There was an interesting question recently on StackOverlow on how to apply a function over a rolling window on a column in a data frame grouped by subset. It was a pretty vanilla SO question as those things go, but there were no less than four useful and diferent answers to it which, I believe, shows the power and flexibility of R.
All of them used either the
rollapplyr functions from the zoo package, and each handles the “rolling window” component (the “hard work”). There were three different approaches to performing the subset and applying the
rollapply/sd combo across the four solutions:
withor w/o it)
The short description of the
ave function—“Group Averages Over Level Combinations of Factors”—hides the fact that it’s really a generic function that will do subsetting of the first argument by the factors provided in the following arguments using
FUN=mean as the default function to call. You can use any function (like
sd in this case) instead, which might not be obvious to new R users. Two of the answers used
ave with minor differences (but different enough to show below).
by is an oft-neglected function since the
plyr functions came about, but it’s a workhorse and gets the job done pretty well here (with the help of
ddply solution is equally as straightforward and self-explanatory as the other three.
Given how close they all were syntactic impmementation, I wanted to see if there was a difference under the covers speed-wise, so I modified the orignial example data frame (made it bigger and slightly more complex with four factors instead of two) and used each differnet method to create a new column (100x) and captured the results to compare. The
system.time function is often called in a standalone context, but when not printing basic timing stats to
stdout it returns an object of class
proc_time which has five vales (of which two are only relevant to our testing).
library(zoo) # for rollapply() set.seed(1492) category <- rep(sample(c("A", "B", "C", "D"), 20000, replace = TRUE)) year <- rep(sample(c(1990, 1991, 1992, 1993, 1990, 1991, 1992, 1993), 20000, replace = TRUE)) value <- rep(sample(c(2, 3, 5, 6, 8, 9, 4, 5), 20000, replace = TRUE)) df <- data.frame(category, year, value) # run rolling sd calculation 100x for each method and capture results in # data frames <<- is needed to modify df system.time does the timing lapply # runs the code 100x and shoves the results into a list ldply turns the list # into a data frame lather, rinse, repeat t.with <- ldply(lapply(1:100, function(x) system.time(df$stdev.with <<- with(df, ave(value, category, FUN = function(x) c(NA, rollapply(x, width = 2, sd))))))) t.ave <- ldply(lapply(1:100, function(x) system.time(df$stdev.ave <<- ave(df$value, df$category, FUN = function(x) rollapplyr(x, 2, sd, fill = NA))))) t.by <- ldply(lapply(1:100, function(x) system.time(df$stdev.by <<- unlist(by(df, df$category, function(x) c(NA, rollapply(x$value, width = 2, sd))))))) t.ddply <- ldply(lapply(1:100, function(x) system.time(df$stdev.ddply <<- ddply(df, .(category), mutate, stdev = rollapplyr(value, width = 2, sd, fill = NA))$stdev))) # prepare & crunch some data # melt so we can use geom_barplot easily t.with <- melt(t.with) t.ave <- melt(t.ave) t.by <- melt(t.by) t.ddply <- melt(t.ddply) # add a column we can facet on to show each method t.with$method <- "with" t.ave$method <- "ave" t.by$method <- "by" t.ddply$method <- "ddply" # combine all the timing data sets dat <- rbind(t.with, t.ave, t.by, t.ddply) # sys.self, etc aren't useful for this analysis dat <- dat[!(dat$variable %in% c("sys.self", "user.child", "sys.child")), ] # put the factors in a particular order for the ggplot dat$method <- factor(dat$method, levels = c("with", "ave", "by", "ddply"))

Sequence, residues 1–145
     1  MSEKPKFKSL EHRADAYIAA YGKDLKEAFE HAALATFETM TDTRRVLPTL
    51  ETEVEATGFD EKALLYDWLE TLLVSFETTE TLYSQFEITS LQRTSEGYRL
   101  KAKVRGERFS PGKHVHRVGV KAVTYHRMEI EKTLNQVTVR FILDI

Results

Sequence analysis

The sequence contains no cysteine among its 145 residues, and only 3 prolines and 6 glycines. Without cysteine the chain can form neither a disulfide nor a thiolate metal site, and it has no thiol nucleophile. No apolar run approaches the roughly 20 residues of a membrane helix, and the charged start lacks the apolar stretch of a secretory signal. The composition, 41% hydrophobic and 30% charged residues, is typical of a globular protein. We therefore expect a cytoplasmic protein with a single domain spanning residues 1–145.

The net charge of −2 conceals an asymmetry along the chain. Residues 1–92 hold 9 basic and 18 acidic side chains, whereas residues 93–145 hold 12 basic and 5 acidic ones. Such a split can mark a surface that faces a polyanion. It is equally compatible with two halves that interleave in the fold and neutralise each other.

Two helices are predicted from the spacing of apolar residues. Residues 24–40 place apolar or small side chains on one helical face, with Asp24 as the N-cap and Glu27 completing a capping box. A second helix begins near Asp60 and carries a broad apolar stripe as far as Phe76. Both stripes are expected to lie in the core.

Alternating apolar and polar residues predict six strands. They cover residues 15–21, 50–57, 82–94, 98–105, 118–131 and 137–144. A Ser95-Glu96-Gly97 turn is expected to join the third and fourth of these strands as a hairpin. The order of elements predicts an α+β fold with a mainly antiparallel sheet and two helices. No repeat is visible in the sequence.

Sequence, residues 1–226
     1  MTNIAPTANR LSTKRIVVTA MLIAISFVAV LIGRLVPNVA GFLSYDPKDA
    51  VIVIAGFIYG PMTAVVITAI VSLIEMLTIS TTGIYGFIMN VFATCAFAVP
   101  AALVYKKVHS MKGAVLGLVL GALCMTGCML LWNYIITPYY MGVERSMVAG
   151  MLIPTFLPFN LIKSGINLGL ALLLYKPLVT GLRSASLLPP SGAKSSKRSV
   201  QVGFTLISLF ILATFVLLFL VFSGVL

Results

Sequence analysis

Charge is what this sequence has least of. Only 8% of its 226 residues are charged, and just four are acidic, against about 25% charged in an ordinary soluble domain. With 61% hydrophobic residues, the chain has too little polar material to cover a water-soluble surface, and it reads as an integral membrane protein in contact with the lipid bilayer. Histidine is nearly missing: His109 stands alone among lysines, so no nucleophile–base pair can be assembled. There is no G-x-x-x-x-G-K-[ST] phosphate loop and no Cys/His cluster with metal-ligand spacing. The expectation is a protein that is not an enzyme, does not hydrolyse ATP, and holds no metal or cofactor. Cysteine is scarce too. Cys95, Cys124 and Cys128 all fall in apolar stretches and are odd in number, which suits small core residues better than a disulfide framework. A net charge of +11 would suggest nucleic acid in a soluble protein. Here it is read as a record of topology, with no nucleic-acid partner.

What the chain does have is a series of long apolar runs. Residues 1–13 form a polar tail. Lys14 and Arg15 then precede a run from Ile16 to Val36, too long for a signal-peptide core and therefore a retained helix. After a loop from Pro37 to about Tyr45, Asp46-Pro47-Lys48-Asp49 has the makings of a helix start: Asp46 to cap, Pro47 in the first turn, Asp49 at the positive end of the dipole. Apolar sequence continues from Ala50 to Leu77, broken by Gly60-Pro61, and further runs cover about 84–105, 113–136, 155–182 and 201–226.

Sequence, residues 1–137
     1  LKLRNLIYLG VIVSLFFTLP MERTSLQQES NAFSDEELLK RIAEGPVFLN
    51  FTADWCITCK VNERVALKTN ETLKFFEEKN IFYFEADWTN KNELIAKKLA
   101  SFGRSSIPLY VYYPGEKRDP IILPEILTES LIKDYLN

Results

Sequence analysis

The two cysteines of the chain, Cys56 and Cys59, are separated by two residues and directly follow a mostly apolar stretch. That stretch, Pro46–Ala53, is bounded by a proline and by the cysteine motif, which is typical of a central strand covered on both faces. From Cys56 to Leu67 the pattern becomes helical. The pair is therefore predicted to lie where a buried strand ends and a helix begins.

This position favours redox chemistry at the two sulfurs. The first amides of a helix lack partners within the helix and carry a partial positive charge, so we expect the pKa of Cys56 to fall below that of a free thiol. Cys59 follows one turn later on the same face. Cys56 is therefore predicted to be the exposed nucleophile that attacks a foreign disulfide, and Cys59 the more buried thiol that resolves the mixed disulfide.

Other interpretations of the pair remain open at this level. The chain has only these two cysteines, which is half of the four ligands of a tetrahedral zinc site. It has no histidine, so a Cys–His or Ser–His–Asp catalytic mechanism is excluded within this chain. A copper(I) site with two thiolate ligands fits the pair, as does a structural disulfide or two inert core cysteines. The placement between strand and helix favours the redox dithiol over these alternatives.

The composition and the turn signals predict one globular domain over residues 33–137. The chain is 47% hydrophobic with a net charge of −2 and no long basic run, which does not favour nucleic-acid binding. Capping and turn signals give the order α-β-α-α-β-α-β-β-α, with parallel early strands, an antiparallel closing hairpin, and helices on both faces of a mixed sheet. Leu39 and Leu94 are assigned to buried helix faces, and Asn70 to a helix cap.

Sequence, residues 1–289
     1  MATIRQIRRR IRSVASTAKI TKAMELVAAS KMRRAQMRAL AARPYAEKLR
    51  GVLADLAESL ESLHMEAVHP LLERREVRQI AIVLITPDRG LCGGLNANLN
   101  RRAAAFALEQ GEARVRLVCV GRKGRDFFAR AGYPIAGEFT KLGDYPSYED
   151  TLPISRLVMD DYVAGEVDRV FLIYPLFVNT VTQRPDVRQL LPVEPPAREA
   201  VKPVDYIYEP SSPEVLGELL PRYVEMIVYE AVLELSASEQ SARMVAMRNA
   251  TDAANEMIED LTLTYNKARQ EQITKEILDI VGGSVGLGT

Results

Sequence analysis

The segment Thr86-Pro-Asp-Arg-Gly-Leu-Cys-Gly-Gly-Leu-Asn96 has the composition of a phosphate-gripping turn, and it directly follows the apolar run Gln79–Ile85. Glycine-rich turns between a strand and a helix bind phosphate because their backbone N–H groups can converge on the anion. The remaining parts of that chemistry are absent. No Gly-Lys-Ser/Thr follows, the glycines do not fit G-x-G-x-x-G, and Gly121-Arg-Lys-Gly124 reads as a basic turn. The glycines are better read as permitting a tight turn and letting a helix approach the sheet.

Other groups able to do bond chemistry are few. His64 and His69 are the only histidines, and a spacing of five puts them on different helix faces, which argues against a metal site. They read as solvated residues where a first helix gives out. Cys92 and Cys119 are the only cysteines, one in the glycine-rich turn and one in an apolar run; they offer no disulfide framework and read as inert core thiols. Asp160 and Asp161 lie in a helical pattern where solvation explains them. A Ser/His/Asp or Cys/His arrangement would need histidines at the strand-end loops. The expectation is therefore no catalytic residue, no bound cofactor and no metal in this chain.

# make the actual plot of crunched stats gg <- ggplot(data = dat, aes(factor(variable), value)) gg <- gg + geom_boxplot(aes(color = method)) gg <- gg + facet_wrap(~method, ncol = 4) gg <- gg + labs(x = "", y = "# secs") gg <- gg + theme_bw() gg <- gg + theme(legend.position = "none", strip.background = element_blank()) gg
While they are all pretty speedy, the
with/ave combo consistently “wins” when I run this test code. The
by method always comes in second each time as well. The
ddply method is consistently the slowest, but none of them are laggards.
This was a pretty fun exercise and reinforces my belief that taking a stab at answering SO questions is a pretty neat way to see how others “think” in R and can help you see solutions from different perspectives. Plus, it can lead you down a path to discovery in terms of finding an optimal way of solving a problem.Tweet